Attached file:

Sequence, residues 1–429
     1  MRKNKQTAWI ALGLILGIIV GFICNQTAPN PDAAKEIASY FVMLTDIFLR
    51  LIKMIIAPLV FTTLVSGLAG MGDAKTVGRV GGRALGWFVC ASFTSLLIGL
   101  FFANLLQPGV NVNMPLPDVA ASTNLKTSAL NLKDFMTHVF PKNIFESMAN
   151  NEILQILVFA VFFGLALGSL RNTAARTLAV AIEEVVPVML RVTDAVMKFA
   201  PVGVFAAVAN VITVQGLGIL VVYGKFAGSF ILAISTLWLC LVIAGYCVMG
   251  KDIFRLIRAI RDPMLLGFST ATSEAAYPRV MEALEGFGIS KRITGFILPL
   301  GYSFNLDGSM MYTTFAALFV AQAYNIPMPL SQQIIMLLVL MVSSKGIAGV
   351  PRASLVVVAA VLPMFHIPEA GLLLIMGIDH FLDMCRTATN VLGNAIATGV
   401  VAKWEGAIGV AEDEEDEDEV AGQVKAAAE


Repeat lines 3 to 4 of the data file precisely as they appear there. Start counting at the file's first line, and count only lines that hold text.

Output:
    51  LIKMIIAPLV FTTLVSGLAG MGDAKTVGRV GGRALGWFVC ASFTSLLIGL
   101  FFANLLQPGV NVNMPLPDVA ASTNLKTSAL NLKDFMTHVF PKNIFESMAN